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Annapolis Divorce Law Blog

Servicemember's custody status protected by new law

For someone serving in the military, there are innumerable risks. Even servicemembers stationed in the U.S., far from combat zones, working with the complex, large and dangerous equipment of the military can place their lives in jeopardy every day. Working around massive machines like an Abrams tank, a Blackhawk helicopter or F-17, let alone an aircraft carrier is inherently dangerous. And with combat, that risk only increases.

But one risk servicermemebers should not face is losing their children during a custody battle while they are overseas fighting in real battles. Because of erratic deployments, men and women in the military do not get to pick and choose when they may have to leave the U.S.

Should Maryland adopt a shared custody standard?

Shared parenting is a controversial topic. A group known as the National Parent Organization (NPO) supports shared custody, and they rated the states last month in their awarding custody of children during a divorce.

According to their survey, few states performed very well. Almost half received a grade of D and two states received Fs. The NPO argues that in non-abusive marriages, the default custody order should be 50/50.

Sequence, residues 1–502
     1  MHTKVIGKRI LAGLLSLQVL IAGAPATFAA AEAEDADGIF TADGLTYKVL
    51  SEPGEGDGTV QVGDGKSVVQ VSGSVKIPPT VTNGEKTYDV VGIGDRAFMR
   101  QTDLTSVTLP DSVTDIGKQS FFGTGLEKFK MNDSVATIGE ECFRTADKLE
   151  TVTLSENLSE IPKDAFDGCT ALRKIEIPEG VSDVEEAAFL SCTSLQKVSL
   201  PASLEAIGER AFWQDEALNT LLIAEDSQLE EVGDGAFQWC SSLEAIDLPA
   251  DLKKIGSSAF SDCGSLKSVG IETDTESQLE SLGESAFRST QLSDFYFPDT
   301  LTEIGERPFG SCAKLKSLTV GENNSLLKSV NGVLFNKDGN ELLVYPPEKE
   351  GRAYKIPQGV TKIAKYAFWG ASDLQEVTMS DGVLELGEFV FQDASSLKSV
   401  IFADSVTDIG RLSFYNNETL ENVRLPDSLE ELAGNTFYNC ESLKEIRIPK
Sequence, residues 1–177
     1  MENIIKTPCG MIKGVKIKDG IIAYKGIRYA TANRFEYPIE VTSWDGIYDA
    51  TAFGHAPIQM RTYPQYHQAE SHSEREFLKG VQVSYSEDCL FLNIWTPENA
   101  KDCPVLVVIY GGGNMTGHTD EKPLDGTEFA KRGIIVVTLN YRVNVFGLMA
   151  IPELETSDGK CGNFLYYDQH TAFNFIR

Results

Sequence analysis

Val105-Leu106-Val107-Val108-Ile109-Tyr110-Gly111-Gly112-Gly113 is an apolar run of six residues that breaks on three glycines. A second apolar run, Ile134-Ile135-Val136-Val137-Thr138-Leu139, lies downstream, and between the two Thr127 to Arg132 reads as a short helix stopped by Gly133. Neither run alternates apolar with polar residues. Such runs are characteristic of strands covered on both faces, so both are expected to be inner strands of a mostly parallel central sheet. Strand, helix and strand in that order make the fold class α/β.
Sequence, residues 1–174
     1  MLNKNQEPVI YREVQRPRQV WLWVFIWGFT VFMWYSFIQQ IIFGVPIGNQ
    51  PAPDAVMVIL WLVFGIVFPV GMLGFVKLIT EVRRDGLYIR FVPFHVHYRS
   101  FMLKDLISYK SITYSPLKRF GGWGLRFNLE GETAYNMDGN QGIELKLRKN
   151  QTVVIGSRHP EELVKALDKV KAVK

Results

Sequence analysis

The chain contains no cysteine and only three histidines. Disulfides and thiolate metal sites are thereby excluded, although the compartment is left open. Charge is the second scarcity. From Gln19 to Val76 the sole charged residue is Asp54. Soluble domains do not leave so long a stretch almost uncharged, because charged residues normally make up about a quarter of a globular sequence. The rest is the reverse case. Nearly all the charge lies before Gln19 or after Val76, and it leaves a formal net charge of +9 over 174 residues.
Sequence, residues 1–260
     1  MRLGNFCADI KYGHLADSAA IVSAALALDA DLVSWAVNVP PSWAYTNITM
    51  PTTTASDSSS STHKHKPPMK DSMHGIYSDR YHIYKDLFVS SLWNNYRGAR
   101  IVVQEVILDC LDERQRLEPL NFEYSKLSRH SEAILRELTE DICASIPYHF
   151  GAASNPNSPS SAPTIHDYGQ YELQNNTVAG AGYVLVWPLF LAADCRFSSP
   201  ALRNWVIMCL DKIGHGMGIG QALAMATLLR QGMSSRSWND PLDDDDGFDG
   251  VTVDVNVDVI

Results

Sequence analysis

Deployments + divorce = difficult family law issues

If you or your spouse is an active military service member then you fully understand the gravity of a deployment.  Not only is there the possibility of spending months away from your family but depending on where the deployment is taking place, there is also a risk to a person's life as well.  In a number of cases, the stress of a deployment can be enough to tear a marriage apart, leaving couples with a very unique and difficult legal situation on their hands.

Although there are a lot of things that differ between military divorces and regular divorces, we wanted to focus today's post on one particular aspect of military divorces that might be considerably more contentious: child custody and child support.

Thankful for a divorce?

During a divorce, it can be difficult to see the big picture. If you initiated the divorce, it is likely you are deeply unhappy and unsatisfied by your current situation. Your marriage is not working and you want to get out. But the Maryland family court system is complex and sometimes bewildering and the frustration with the process and your life can be overwhelming.

If your spouse walked out or filed for divorce, you are probably angry and hurt, even if you felt there were problems with your relationship and your marriage. Again, on top of your emotional feelings, you have to deal with the divorce attorneys, the courts and all of the technical requirements of a situation not of your making.

Is equal always better?

In the U.S., we like to think of equality as a good thing. We even have an equal protection clause in the Constitution. And so it is natural to think that all states should create a presumption that after a divorce, the parents should equally share custody of their children.

In some cases, that may be ideal. But not in all. While granting mother's child custody has been a traditional rule in many courts, creating a presumption of equality has consequence. One danger is that it moves the "starting point" in the discussion to one of how to divide the parent's time with their children. 

The grass is always greener, even when it's not